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This is BBC World News Today with me, Alpa Patel.
The headlines: The offensive to reclaim
the last Islamic State stronghold in Iraq intensifies.
As security forces close in on Western Mosul,
thousands of civilians remain trapped in the fighting.
We talk to some of those who have managed to escape.
Murder, rape and the destruction of villages - the BBC hears
accounts of abuse suffered by Myanmar's Rohingya Muslim
The deadly impact of ebola on gorillas -
a third of the world's population killed by the disease
And the pitfalls of working from home - see the moment a guest
is interrupted by his children while giving
It's also the so-called Islamic State's last major
But Iraqi forces say they are within weeks of driving
After five months of fighting there have been heavy casualties.
But government forces now control the east of the city.
Which is divided by the River Tigris.
Now they're pushing into the west of the city,
where hundreds of thousands of civilians remain trapped.
And the militants are still deeply embedded.
Our correspondent Orla Guerin and cameraman Nico Hameon
are close to the front line and sent this report.
They are fleeing on foot from western Mosul,
Countless numbers are likely to follow,
and imagine if this was all you could bring with you.
Many waited 'til the fight came right to their door.
At 76, forced to leave home for the first time in his life.
He told us a mortar landed nearby, just moments before.
His ten-year-old grandson and namesake, clutching his
school bag, though his only lessons here were in war.
"I'd like to go back to school right this minute", he said.
So-called Islamic State stopped him going years ago.
Now, back in Iraqi hands, for what it's worth,
It was just four days ago they were driven from here.
This is the Engineering Department of Mosul University.
On the IS curriculum, how to make chemical weapons.
It was a source of pride for the people of Mosul.
It was also a key strategic location for the so-called Islamic State.
It gave them high ground to dominate the area,
it was heavily defended by Uzbek fighters and this is just one
of the areas that's going to have to be rebuilt
when the battle for Mosul is finally over.
Some Uzbek militants are still lying where they fell,
no decent burial for those who terrorised a city.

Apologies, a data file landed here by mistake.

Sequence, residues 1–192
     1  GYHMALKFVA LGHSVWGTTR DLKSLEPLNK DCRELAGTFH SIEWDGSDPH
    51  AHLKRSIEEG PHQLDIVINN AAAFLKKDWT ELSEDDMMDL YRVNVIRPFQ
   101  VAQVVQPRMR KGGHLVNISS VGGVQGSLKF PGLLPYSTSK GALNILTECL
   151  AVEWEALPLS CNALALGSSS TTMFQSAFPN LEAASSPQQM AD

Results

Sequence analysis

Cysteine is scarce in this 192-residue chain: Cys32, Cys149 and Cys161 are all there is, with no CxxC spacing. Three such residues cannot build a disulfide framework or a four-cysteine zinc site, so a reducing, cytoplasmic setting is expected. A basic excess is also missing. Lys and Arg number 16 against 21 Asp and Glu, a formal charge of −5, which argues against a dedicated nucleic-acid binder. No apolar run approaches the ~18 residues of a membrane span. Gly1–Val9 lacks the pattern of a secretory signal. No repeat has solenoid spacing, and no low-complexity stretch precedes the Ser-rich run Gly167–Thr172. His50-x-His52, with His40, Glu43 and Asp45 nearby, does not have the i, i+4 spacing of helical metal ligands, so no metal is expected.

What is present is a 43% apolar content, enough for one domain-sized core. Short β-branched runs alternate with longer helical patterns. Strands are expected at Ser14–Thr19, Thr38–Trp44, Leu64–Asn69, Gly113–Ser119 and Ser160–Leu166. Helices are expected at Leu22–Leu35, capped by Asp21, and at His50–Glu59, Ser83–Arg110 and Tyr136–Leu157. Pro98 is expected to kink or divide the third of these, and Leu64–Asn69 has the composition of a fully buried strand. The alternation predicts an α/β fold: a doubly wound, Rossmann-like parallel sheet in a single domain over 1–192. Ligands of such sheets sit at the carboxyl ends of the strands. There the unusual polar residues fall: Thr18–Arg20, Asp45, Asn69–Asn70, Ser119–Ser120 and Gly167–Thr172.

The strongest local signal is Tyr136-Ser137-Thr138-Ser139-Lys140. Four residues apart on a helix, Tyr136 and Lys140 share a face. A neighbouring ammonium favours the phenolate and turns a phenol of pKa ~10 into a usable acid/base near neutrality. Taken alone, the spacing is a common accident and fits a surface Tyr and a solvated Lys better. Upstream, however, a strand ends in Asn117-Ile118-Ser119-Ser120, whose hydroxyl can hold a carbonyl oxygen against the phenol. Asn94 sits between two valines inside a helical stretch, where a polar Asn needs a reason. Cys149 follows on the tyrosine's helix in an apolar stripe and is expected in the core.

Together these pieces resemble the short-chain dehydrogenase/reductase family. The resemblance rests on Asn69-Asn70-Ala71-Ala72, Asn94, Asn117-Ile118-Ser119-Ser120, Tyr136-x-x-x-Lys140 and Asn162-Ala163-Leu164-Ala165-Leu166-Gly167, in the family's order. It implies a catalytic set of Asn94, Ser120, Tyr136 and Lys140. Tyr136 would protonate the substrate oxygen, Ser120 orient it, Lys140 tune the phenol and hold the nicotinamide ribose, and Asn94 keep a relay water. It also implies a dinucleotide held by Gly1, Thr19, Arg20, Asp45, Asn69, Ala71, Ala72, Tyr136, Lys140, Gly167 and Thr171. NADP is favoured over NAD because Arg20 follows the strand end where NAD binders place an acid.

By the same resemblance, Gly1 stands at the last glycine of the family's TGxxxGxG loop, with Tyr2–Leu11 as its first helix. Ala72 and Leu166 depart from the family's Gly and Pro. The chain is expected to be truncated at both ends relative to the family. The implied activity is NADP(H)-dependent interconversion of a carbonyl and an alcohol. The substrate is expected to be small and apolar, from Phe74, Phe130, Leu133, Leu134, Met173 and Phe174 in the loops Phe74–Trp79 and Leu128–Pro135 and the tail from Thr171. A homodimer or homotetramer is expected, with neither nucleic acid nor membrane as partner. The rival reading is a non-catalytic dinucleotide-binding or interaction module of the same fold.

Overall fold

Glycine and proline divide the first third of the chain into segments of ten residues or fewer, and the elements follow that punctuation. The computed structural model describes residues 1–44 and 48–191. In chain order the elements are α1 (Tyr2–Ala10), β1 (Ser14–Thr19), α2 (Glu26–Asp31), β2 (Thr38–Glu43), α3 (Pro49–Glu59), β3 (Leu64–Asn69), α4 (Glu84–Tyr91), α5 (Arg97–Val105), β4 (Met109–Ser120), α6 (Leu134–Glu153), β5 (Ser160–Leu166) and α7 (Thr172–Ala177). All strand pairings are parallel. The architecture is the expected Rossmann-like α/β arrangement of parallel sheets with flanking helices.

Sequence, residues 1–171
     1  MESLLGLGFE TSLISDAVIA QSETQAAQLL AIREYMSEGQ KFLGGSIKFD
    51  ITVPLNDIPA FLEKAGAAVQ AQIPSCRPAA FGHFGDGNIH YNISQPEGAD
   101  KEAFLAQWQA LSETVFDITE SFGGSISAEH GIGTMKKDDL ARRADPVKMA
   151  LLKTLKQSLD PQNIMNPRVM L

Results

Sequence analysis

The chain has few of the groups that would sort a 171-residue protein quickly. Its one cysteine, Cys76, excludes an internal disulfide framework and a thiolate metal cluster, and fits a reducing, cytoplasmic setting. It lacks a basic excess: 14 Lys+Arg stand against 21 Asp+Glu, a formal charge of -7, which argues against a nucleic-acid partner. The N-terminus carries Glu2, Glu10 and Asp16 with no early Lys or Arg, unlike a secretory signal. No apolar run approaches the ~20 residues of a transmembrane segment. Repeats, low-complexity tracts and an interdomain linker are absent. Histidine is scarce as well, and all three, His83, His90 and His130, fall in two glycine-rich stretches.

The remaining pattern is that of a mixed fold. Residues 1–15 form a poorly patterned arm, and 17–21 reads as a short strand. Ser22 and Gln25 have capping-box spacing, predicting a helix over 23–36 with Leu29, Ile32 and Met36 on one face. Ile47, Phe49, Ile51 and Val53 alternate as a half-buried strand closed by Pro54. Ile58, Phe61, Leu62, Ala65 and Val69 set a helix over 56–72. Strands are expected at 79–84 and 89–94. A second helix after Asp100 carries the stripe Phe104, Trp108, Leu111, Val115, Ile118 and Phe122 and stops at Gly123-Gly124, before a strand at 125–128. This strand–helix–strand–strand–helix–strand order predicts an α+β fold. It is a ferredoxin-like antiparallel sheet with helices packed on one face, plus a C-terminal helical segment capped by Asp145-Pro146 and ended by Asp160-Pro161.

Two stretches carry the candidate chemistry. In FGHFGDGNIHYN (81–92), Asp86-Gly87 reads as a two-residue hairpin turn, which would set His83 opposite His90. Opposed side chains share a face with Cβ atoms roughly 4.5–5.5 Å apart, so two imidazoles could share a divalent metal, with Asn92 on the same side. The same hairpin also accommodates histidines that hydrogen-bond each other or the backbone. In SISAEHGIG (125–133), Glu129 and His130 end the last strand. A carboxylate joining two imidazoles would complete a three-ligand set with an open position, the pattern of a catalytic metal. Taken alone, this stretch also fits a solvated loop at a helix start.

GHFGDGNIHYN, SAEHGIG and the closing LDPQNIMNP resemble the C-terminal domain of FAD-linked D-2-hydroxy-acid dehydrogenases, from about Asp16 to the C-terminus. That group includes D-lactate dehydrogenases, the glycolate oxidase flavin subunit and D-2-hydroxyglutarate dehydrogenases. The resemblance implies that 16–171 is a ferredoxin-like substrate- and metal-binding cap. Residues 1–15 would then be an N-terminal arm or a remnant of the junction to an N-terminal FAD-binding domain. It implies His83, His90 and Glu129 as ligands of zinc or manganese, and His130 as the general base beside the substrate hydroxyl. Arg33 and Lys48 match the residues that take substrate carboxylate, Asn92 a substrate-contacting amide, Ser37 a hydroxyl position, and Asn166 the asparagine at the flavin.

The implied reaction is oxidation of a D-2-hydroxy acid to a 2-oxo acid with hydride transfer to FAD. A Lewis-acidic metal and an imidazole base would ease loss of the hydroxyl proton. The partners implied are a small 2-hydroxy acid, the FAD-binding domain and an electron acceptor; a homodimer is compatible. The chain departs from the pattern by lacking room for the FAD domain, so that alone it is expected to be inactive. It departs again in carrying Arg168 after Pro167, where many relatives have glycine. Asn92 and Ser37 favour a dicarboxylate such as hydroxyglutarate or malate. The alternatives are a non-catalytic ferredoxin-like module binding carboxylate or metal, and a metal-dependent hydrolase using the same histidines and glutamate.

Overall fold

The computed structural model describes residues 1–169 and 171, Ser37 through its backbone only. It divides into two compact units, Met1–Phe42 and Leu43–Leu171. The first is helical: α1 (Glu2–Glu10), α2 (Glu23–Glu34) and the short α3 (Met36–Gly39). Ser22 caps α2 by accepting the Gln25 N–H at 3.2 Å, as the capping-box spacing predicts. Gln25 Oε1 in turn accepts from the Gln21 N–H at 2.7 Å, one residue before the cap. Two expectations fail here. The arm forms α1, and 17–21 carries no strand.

Nearby, a suicide belt they didn't manage to use.
At dusk, troops gather for the next push forward.
Increasingly, they strike under cover of darkness.
Hunting for the extremists who once controlled nearly a third of Iraq.
Some of the hardest fighting may be ahead in
In the narrow streets of the old city,
Beneath a sky lit only by embers of battle.
In the pitch black streets, few signs of life, but hundreds
of thousands remain in western Mosul,
This lady and her family are sheltering in an abandoned house
Three of her loved ones are in hospital,
I lost my house, my children were injured.
Her beloved Mosul will never recover, she believes.
What future for a broken city in a fractured nation,
even after the extremists are pushed out?
There are fears that when Iraqis finish fighting IS,
Staying in the region, the Turkish military say troops
and Turkish-backed rebels have killed more than 70 Kurdish
fighters in northern Syria, just in the past week.
Turkey has threatened to attack the town of Manbij that is held
The group is supported by the US, which sees it
as the most effective force to launch a long anticipated attack
on Raqqa, the IS de facto capital in Syria.
It comes as the Russian president, Vladimir Putin has praised
what he called the "unexpected level of contacts" that are developing
between Russian and Turkish military agencies and special services.
Following talks in Moscow with his Turkish counterpart,
Recep Tayyip Erdogan, he said the two countries
were working energetically to solve the Syrian crisis.
Moscow and Ankara concerning the future for Syria is the much
different but it is different from the one that the United States have
and it seems that for President Putin and President Erdogan it is
easy to talk to each other than talk in that triangle involving the
United States, Tokyo and Moscow. So Russia has already taken the grounds
that it needs and they have the help to recapture Aleppo, they help to
recapture Palmeiro, and Turkey tries to secure a buffer zone between
Syria and its own borders. And they have much more grounds for
cooperation and talks rather than each of them has with the United